Right now, especially in New York, Los Angeles, and Israel, tens of thousands of Jews are arguing, sometimes at the top of their voices, about ethics and justice — and only a small percentage is in the yeshivot. Jews have done this from the beginning, arguing even with God. This should come as no surprise for, as David Frank points out: “The God of the Hebrew Bible is, by nature, argumentative. Humans, made in God’s image are argumentative . . . and ‘thick-necked.’” But the most interesting arguments, historically, have been between and among Jews themselves: for example, Moses versus Korach (on the issue of aristocratic privilege) or Ben Zakkai versus the Zealots (on the efficacy of armed resistance).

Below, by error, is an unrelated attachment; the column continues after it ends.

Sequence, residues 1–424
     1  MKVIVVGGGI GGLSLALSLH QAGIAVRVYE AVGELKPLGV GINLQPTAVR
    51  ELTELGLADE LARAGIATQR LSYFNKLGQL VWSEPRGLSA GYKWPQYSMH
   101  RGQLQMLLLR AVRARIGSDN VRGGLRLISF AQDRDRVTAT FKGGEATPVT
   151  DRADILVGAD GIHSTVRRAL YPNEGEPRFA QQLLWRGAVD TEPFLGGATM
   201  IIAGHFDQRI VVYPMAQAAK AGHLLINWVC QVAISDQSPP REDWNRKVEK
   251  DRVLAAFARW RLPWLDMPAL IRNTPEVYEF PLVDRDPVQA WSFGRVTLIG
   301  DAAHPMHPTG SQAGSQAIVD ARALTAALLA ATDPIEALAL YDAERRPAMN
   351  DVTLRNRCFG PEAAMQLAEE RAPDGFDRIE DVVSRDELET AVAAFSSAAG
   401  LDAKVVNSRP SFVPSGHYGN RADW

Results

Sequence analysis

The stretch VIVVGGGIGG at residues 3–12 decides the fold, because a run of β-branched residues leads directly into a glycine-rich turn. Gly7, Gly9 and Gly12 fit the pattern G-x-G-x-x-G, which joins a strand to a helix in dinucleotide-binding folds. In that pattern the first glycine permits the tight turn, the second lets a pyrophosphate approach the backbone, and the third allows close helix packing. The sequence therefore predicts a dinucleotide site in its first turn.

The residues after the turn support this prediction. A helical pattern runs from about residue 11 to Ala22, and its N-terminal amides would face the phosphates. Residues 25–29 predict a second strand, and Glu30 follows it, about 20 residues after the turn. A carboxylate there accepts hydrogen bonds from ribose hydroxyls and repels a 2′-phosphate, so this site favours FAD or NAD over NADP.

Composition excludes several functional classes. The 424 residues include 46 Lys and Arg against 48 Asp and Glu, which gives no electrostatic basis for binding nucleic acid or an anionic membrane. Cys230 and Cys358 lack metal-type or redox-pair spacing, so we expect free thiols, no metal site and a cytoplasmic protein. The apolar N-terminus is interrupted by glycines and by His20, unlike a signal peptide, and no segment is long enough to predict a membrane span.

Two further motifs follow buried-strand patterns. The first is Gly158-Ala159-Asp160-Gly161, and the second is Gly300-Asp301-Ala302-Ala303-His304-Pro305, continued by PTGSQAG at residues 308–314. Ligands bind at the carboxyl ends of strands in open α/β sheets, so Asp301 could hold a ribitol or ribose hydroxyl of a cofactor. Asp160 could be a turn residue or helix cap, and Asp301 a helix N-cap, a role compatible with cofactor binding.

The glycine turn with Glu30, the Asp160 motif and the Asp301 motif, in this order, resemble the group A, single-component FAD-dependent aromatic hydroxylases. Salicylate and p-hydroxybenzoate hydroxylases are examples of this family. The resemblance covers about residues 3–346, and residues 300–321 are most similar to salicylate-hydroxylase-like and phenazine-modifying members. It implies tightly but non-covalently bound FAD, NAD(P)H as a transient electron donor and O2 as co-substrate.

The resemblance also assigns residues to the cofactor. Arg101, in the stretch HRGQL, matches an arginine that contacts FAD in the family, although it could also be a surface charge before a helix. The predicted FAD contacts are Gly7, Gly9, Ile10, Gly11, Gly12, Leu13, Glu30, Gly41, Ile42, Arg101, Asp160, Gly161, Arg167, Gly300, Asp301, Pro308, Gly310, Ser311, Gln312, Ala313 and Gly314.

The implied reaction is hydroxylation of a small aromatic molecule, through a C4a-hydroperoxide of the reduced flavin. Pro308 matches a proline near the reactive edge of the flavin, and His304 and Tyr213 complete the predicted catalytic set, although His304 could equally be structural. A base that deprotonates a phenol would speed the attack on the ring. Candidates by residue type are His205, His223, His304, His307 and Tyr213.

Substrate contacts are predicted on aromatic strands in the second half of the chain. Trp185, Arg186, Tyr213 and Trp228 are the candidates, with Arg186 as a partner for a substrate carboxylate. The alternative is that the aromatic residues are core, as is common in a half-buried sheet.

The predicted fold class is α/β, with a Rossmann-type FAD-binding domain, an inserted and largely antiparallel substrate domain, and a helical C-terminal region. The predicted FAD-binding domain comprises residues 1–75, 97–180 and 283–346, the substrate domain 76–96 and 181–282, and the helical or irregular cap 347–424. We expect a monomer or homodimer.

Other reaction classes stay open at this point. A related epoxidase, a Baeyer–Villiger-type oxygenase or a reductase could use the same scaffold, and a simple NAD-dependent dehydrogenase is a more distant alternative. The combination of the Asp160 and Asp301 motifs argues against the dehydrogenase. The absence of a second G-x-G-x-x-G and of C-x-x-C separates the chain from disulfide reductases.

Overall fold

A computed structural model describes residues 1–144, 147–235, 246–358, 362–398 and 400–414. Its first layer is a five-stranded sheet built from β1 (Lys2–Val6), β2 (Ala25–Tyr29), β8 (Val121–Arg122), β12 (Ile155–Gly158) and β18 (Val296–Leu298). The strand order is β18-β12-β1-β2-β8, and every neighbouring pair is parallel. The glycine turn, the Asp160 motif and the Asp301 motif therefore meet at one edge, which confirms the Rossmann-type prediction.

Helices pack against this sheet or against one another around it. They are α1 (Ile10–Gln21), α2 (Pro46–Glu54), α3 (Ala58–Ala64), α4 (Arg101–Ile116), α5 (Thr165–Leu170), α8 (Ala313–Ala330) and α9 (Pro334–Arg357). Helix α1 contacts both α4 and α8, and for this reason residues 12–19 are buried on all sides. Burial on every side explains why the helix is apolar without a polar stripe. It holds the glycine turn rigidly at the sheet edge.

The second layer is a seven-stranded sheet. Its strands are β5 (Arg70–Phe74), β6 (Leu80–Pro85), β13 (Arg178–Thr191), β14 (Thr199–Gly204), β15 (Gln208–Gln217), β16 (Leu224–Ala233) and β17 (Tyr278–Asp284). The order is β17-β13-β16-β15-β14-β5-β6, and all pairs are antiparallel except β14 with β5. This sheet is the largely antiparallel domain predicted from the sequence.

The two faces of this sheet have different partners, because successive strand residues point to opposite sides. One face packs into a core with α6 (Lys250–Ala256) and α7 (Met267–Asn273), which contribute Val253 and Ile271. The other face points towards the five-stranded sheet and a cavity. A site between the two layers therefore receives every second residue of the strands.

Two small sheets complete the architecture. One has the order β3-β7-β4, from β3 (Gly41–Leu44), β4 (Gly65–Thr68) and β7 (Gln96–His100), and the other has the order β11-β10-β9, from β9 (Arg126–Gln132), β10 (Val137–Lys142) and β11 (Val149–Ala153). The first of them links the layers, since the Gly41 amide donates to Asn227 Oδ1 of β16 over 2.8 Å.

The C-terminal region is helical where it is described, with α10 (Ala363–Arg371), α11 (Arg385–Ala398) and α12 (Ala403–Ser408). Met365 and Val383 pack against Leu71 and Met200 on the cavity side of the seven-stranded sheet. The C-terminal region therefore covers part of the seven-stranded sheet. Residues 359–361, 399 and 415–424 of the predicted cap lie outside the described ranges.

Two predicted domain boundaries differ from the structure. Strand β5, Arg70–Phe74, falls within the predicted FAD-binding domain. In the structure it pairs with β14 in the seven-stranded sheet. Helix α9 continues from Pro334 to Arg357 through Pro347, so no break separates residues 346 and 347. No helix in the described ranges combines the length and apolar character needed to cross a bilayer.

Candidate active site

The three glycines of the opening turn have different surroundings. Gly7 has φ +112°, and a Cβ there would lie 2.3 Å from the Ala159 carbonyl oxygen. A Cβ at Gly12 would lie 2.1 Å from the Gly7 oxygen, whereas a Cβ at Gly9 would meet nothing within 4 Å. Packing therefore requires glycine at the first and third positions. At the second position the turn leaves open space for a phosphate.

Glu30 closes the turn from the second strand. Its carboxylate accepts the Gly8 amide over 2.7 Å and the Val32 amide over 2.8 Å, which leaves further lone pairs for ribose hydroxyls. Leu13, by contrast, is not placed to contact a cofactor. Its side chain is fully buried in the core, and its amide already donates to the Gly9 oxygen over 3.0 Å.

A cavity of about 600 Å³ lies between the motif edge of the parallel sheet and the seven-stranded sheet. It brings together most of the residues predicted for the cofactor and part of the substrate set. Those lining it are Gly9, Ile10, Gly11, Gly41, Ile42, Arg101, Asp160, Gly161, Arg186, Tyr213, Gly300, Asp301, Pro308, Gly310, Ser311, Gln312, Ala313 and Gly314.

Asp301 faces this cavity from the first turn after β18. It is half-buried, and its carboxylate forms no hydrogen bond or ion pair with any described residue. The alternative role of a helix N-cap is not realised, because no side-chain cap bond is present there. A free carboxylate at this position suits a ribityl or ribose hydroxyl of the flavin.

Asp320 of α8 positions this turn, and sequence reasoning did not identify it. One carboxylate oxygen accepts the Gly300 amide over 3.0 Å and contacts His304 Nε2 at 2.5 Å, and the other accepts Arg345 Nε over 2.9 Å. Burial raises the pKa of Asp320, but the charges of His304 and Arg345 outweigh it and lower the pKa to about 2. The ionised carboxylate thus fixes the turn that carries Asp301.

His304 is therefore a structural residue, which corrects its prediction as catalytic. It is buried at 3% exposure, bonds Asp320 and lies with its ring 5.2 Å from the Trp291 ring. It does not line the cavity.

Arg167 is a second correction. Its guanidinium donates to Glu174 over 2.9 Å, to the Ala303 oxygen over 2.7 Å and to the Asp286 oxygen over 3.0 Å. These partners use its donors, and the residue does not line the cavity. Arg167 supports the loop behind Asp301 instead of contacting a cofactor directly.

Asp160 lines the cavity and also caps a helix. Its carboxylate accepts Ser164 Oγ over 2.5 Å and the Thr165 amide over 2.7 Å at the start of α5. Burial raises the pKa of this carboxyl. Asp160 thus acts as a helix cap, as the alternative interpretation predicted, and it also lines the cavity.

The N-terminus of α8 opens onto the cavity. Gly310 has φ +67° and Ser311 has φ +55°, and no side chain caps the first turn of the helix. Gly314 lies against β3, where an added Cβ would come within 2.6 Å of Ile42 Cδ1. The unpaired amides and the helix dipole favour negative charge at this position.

Barry Schwartz’s Judaism’s Great Debates emerges from this rich and cacophonous tradition. A deceptively simple little book, it identifies ten crisis points in the...

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